ZC: Actually, I have been the Vice President of the Chinese Academy of Sciences for two years now, but I still keep the position of the Director of the Human Genome Centre of Shanghai. There are two other centres in Beijing; one is the Chinese Human Genome Centre in Beijing, and the other is the Beijing Genome Institute affiliated to the Chinese Academy of Sciences, and we all share tasks. For some of the big projects, for example the Human Genome Project, we work together; but the Beijing Genome Institute has strong sequencing facilities and bioinformatics tools, so in the future they will be more orientated towards large‐scale operations, such as sequencing and annotation. The Shanghai centre is particularly orientated to medical genomics, with half of the scientists coming from basic research and half from medical research, and we have good links to the medical centres in Shanghai. We think in functional genomics the best model will be to use human diseases. Not only can we get a better understanding of the structure–function relationship and the genotype–phenotype relationship, but also it will allow us to study disease markers and drug targets. For example, my centre recently identified a gene responsible for atrial fibrillation (AF). AF is the most common chronic arrhythmia in humans. However, there was no molecular basis for this disorder. Through analysis of a large family with inherited AF, we now have the first molecular explanation. At the same time, we identified a gene coding for an ion channel as a potential drug target. In the future, we are going to tackle not only monogenic diseases, which are relatively rare, but also more polygenic diseases, such as hypertension, obesity, diabetes and cancer. In China, we have to take advantage of our huge population, particularly in the western part, where we still have many isolated populations, representing a precious genetic resource.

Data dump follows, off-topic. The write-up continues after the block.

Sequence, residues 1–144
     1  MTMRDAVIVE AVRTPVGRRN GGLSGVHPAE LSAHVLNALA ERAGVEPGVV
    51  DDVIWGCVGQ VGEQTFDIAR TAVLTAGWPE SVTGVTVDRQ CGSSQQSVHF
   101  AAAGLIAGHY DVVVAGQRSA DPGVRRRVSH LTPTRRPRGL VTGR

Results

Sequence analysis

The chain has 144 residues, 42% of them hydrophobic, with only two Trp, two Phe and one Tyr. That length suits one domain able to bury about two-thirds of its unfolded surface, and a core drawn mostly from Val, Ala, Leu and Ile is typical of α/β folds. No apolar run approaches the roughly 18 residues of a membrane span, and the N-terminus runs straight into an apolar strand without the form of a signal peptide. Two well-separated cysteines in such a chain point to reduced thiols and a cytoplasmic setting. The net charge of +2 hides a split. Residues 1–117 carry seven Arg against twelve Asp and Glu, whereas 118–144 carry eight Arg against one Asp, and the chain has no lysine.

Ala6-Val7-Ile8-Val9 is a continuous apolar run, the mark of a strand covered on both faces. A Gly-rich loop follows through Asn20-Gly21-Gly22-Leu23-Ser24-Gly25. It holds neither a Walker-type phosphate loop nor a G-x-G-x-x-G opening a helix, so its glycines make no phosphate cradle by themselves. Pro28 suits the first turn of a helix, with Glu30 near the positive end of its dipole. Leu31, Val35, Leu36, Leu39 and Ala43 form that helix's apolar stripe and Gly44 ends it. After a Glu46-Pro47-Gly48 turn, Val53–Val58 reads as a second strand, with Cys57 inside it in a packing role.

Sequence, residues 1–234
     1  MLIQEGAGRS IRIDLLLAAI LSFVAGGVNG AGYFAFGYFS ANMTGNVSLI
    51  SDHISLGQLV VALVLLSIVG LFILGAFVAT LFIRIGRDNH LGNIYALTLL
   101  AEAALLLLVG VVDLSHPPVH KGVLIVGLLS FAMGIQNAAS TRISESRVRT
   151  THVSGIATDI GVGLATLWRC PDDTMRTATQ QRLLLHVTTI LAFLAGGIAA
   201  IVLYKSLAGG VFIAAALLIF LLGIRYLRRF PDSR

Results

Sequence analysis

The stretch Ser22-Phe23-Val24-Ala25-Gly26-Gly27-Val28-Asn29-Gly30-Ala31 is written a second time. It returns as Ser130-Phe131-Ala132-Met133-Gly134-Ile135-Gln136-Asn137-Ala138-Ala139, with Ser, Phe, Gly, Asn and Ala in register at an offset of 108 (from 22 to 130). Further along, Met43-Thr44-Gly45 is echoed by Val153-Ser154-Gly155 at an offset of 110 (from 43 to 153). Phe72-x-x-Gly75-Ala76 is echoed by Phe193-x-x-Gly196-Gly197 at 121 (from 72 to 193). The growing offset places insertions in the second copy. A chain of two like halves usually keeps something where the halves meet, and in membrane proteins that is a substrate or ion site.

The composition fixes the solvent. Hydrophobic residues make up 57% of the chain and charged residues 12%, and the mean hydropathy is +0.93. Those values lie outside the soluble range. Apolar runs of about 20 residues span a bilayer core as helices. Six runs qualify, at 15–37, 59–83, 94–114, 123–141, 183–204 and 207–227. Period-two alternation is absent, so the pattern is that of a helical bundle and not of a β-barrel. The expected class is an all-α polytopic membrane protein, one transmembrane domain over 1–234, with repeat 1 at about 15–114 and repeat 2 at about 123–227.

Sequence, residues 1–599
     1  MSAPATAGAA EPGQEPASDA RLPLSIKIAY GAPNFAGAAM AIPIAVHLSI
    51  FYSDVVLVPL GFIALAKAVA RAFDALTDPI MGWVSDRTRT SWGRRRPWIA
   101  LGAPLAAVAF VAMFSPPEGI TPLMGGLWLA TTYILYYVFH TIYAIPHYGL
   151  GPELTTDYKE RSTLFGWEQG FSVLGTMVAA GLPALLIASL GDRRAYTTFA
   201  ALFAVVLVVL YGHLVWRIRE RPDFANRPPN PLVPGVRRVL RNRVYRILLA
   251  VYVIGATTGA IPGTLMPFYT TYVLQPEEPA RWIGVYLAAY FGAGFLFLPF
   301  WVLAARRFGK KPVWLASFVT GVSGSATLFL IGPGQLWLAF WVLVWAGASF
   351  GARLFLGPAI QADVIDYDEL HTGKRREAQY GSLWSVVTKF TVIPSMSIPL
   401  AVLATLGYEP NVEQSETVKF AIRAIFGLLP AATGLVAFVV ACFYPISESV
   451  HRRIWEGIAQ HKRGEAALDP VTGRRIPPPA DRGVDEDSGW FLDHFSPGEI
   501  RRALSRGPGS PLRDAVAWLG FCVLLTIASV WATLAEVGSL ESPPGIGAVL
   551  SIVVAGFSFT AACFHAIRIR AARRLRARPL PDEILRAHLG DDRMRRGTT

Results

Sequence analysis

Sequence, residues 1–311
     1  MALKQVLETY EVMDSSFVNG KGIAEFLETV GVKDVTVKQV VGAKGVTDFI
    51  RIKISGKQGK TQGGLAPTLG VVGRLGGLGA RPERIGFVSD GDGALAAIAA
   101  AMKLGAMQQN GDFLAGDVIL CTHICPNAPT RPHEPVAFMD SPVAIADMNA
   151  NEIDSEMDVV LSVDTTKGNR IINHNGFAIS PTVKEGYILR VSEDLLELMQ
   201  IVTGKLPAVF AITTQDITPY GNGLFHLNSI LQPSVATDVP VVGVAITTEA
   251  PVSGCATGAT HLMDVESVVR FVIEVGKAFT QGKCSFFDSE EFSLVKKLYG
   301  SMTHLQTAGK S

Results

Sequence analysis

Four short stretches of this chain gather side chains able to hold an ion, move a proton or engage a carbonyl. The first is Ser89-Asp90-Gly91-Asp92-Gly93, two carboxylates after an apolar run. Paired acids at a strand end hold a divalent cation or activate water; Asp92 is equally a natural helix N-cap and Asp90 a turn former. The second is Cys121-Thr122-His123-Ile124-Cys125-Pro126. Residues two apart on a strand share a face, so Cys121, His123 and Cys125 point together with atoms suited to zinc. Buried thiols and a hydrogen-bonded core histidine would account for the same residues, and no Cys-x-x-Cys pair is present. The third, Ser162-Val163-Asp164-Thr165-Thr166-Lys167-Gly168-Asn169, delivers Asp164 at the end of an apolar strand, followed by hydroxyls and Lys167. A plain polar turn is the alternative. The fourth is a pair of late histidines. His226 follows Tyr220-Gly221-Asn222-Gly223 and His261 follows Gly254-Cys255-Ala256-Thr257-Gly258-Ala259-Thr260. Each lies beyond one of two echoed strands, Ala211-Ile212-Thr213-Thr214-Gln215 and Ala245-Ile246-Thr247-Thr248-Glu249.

ER: Similar to the Icelandic population…
ZC: In China, we have dozens of such isolated populations and we have to make use of them. In general, we think genomic research in China should include sequencing, gene identification and functional analysis, proteomics, structural genomics and, in particular, medical genomics.
ER: You mentioned discovery of disease markers and potential drug targets, but many of these are often protected by patents. Do you see this as a problem for the development of treatments for the diseases that you are interested in?
ZC: This is an important issue. I have to say that in China, patenting a gene is not easy. Basically, the Chinese Patent Office has adopted policies similar to the European Patent Office. In this sense, if you cannot tell us about function and utility, it is not a patentable discovery. Even for disease‐related genes, you still have to point out the utility—whether you can use them for diagnostics or as a drug target. Therefore, first of all the international community needs an appropriate assessment of patent issues related to genes. And second, even if the sequences are patented, the function should be a different issue. I think the analysis of the involvement of genes in human diseases could be a new approach to demonstrate function. To do that in China, we established a nationwide sample collection network and we observe the international consensus on ethics, such as informed consent.
ER: Is there a public debate in China about such ethical issues in biomedical research?